After six weeks of trial, the government rested in its bribery case last week against Sen. Bob Menendez, D-N.J., who faces more than a dozen charges of fraud and bribery. And despite the defense’s objections, a federal judge Monday refused to throw out the case.
Menendez is accused of accepting donations, trips and gifts in exchange from an eye-doctor friend in exchange for pressuring government officials to act in ways that would be beneficial to his friend’s business interests.
Menendez has maintained his innocence, and U.S. District Judge William Walls had to decide if he would dismiss it, using a 2016 Supreme Court ruling which outlined a stricter definition of what an “official act” is. The defense argued that the allegations against Menendez do not meet that narrower definition.
Walls said Monday that the case would continue – seen as a huge win for prosecutors. The defense will not start its case.
It’s the first time in nine years that a sitting U.S. senator is facing a federal bribery charge.
What is Menendez accused of?
Menendez, 63, accepted a plethora of campaign donations, gifts and vacations from Salomon Melgen, a Florida ophthalmologist.
In return, Menendez used his position to lobby on behalf of Melgen’s business interests, according to prosecutors.
Melgen allegedly directed more than $750,000 in campaign contributions to entities that supported Menendez, according to the indictment, which prosecutors said were inducements to get Menendez to use his influence on Melgen's behalf. Prosecutors have also accused Menendez of trying to hide the gifts.
Melgen also paid for Menendez and his girlfriend to stay for three nights at a Parisian hotel where rooms typically cost about $1,500 per night and allowed the senator the use of his private jet, according to prosecutors.
Federal prosecutors said that Menendez “sold his office for a lifestyle that he couldn’t afford.”
The indictment also alleged that Menendez pressured State Department officials to give visas to three young women described as Melgen's girlfriends.
What is the senator’s defense?
Both Menendez and Melgen have pleaded not guilty – and Menendez has vehemently denied the accusations against him.
Throughout the trial thus far, defense attorneys have sought to prove that Menendez and Melgen have been friends since before the former became a senator, and the trips were nothing more than friends traveling together.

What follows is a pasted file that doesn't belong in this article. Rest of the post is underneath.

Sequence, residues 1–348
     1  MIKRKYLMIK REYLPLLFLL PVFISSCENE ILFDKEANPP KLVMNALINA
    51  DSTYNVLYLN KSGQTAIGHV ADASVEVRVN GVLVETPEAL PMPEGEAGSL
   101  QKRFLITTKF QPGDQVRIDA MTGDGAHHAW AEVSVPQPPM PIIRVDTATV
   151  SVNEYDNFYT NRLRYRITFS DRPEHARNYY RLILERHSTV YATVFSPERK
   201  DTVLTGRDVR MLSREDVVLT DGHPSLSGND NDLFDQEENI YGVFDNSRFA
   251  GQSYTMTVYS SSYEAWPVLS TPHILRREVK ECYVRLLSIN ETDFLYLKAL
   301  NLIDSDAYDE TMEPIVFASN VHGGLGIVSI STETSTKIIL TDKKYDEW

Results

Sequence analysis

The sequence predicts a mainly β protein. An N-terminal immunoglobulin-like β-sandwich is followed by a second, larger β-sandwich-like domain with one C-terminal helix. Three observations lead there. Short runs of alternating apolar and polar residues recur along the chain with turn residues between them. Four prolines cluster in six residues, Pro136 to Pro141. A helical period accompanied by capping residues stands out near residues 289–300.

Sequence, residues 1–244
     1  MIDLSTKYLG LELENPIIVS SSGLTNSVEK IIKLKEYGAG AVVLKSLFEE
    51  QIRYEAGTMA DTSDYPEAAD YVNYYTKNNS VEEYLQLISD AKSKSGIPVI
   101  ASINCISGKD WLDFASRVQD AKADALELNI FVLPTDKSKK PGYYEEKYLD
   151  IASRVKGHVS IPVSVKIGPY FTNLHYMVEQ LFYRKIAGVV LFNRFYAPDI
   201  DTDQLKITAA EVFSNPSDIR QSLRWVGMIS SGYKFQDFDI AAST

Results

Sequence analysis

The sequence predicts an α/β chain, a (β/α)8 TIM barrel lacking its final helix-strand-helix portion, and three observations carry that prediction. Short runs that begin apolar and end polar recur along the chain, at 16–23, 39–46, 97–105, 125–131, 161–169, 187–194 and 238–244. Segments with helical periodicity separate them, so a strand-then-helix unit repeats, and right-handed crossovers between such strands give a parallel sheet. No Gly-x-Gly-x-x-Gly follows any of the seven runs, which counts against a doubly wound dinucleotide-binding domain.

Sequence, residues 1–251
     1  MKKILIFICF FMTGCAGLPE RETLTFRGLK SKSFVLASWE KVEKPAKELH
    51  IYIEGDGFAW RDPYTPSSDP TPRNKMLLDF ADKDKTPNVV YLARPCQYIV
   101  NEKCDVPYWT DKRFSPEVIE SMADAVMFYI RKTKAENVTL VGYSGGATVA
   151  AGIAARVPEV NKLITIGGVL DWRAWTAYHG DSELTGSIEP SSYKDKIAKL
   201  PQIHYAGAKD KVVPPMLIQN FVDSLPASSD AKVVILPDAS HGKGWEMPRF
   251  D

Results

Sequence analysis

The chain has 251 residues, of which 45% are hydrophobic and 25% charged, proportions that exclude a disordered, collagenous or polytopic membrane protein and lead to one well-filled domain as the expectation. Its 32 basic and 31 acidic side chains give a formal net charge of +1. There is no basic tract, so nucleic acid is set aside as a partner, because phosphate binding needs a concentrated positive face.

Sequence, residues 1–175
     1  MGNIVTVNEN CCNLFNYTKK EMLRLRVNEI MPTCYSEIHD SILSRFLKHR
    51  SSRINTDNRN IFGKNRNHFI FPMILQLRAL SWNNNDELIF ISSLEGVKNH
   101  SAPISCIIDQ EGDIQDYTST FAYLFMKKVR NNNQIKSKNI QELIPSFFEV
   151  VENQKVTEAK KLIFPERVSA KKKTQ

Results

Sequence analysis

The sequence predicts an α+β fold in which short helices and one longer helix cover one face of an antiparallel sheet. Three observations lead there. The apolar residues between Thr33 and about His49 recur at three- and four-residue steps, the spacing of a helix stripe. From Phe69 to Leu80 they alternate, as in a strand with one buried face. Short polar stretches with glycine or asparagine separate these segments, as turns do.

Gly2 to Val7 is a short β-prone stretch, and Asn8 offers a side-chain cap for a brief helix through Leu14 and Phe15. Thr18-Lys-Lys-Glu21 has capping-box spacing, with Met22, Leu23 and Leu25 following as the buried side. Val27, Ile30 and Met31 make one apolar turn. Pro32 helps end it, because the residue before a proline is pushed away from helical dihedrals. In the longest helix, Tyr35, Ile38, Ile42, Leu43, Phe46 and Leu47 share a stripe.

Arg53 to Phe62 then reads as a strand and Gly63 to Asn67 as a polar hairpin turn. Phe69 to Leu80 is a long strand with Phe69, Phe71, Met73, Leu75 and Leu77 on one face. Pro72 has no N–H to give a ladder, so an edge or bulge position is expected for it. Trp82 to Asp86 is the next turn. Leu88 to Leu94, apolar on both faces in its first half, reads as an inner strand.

At times emotional, Menendez has maintained his innocence throughout the trial.
What has happened in the trial so far?
Defense attorney Raymond Brown got into a spat with U.S. District Court Judge William H. Walls at the start of the trial. Brown accused Walls of being “extremely prejudicial to the defense.”
Walls had denied Menendez’s request that the trial be recessed during critical Senate votes, stating that his job should not be treated differently from that of a construction worker or cab driver.
The trial has also focused on a meeting former Senate Majority Leader Harry Reid, D, set up with Menendez and former Health and Human Services Secretary Kathleen Sebelius to discuss a nearly $9 million Medicaid billing dispute.
Sebelius testified in court this week that the incident was the first time in her role in government that she was asked by a senator to take a meeting with another senator. She said that Meglen wasn’t specifically mentioned in the meeting but that she assumed his case was the topic.
Prosecutors didn’t call Reid to testify before it rested its case on Oct. 11.
Walls declined to throw the case out despite the defense’s objections that the accusations against Menendez didn’t fit the narrow definition of bribery that was a result of a 2016 Supreme Court decision.
In recent months, the McDonnell ruling led judges to throw out bribery convictions of at least three other former public officials, including a Pennsylvania congressman.
Is there anything else to know about Salomon Melgen?
Melgen, 63, was convicted of 67 counts of health care fraud in April in what the Palm Beach Post called one of the biggest Medicare fraud cases in the U.S.
During that case, prosecutors argued that Melgen, who was born in the Dominican Republic, robbed Medicare of as much as $105 million, according to the newspaper. His sentencing has been delayed until after this trial.
Aside from Menendez, Melgen has given significant amounts of money to a variety of Democratic lawmakers, according to public records.
What happens if Menendez is convicted?
If Menendez is convicted and goes to prison, Gov. Chris Christie, R-N.J., would pick a replacement.
That prospect is troublesome for Democrats who fear that Christie would pick a Republican to fill the Senate seat – giving the GOP an additional edge for legislative fights.
Vice President Mike Pence said this week that it would be "altogether inappropriate and wrong" for a convicted felon to remain in the Senate. However, he said it would be a decision left up to the Senate if Menendez didn't resign.
Menendez is up for reelection next year. He was selected to replace former Gov. Jon Corzine, D-N.J., in the Senate in 2005.
The Associated Press contributed to this report.